Twelve days after the onset of the American Civil War in April of 1861, Frederic Edwin Church, the most successful American landscape painter of his day, debuted his latest “Great Picture”—a painting titled The North. Despite favorable reviews, the painting failed to find a buyer. Faced with this unexpected setback, Church added a broken mast to the foreground and changed the work’s title to The Icebergs. He then shipped the painting to London, where it was finally sold to an English railroad magnate and subsequently disappeared from view for 116 years.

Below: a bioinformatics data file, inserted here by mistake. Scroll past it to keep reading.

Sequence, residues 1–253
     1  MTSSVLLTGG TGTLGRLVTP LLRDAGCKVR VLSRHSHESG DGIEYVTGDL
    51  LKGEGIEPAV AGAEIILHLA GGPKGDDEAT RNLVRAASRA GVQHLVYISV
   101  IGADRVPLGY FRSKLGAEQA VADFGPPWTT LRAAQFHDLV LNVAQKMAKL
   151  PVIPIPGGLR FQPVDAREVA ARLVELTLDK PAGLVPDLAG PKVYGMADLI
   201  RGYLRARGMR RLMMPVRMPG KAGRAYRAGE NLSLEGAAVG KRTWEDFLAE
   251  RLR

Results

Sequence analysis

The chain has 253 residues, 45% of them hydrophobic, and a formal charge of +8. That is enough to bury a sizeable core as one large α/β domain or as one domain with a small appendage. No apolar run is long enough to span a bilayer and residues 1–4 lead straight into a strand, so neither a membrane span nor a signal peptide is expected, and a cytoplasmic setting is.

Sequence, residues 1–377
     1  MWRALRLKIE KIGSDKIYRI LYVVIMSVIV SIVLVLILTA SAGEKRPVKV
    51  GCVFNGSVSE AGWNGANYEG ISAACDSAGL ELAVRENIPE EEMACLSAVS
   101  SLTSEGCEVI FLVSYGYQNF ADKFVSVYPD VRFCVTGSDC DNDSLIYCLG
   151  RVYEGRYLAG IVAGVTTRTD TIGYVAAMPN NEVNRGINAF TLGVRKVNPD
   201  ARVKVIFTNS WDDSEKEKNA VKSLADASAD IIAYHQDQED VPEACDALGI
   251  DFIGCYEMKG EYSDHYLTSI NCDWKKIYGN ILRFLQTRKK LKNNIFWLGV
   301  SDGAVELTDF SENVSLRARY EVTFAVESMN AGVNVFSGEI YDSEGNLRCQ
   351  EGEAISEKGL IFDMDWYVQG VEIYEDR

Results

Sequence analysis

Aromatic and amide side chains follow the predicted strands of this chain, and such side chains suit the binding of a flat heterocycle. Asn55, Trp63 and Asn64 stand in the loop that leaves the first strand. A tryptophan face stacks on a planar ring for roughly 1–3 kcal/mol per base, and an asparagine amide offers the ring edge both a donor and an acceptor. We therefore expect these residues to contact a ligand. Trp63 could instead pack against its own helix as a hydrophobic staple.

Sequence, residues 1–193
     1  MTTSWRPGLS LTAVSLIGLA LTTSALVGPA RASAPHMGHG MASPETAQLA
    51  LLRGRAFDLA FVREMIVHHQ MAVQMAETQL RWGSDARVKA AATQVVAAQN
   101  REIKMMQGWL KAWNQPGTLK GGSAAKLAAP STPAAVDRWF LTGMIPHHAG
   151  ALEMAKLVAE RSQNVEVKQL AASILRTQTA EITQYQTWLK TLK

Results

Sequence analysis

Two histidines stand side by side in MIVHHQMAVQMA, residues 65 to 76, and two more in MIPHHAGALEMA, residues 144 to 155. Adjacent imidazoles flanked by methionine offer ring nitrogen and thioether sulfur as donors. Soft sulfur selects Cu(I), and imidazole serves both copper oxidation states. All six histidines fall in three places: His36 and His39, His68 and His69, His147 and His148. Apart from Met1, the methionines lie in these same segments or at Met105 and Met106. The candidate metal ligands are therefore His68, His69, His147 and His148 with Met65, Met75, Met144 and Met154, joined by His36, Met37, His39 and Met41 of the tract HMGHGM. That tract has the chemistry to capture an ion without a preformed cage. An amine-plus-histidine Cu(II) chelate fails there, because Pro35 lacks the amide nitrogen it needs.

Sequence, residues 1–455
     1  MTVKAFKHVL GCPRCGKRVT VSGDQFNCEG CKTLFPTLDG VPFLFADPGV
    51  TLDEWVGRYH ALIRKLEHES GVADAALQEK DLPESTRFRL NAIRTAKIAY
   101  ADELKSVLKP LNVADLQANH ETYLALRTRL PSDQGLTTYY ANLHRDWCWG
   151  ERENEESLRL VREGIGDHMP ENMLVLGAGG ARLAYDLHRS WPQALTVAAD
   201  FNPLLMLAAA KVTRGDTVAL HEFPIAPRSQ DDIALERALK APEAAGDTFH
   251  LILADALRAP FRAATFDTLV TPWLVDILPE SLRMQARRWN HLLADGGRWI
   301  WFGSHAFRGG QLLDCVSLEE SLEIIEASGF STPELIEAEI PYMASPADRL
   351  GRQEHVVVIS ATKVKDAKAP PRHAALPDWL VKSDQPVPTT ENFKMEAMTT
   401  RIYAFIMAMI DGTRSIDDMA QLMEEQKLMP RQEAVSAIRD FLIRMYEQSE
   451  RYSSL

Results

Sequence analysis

This beautiful book tells the fascinating story of The Icebergs and provides a detailed look at the cycle of fame, neglect, and resuscitation of both this masterwork and Church’s career. In 1979, The Icebergs sold at auction for $2.5 million, at the time the highest amount ever paid for an American painting. The sale coincided with an upswing in the popularity and acclaim accorded to American landscape painting, catalyzing the market for American art and contributing to a revival in the prestige of Church and the Hudson River School. Drawing on extensive interviews with many of the people involved with the painting’s rediscovery, sale, and eventual donation to the Dallas Museum of Art, the author considers the way marketing has defined The Icebergs.